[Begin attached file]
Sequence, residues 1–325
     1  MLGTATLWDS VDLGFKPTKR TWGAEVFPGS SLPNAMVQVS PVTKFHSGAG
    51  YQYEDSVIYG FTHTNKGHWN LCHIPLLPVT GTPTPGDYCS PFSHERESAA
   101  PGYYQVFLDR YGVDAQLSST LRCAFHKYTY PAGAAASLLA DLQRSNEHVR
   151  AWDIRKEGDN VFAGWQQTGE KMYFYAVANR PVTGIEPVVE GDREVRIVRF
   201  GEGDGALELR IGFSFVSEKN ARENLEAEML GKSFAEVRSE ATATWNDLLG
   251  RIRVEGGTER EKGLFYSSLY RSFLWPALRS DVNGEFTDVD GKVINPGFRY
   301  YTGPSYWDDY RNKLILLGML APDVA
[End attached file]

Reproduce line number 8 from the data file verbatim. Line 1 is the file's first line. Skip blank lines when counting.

   301  YTGPSYWDDY RNKLILLGML APDVA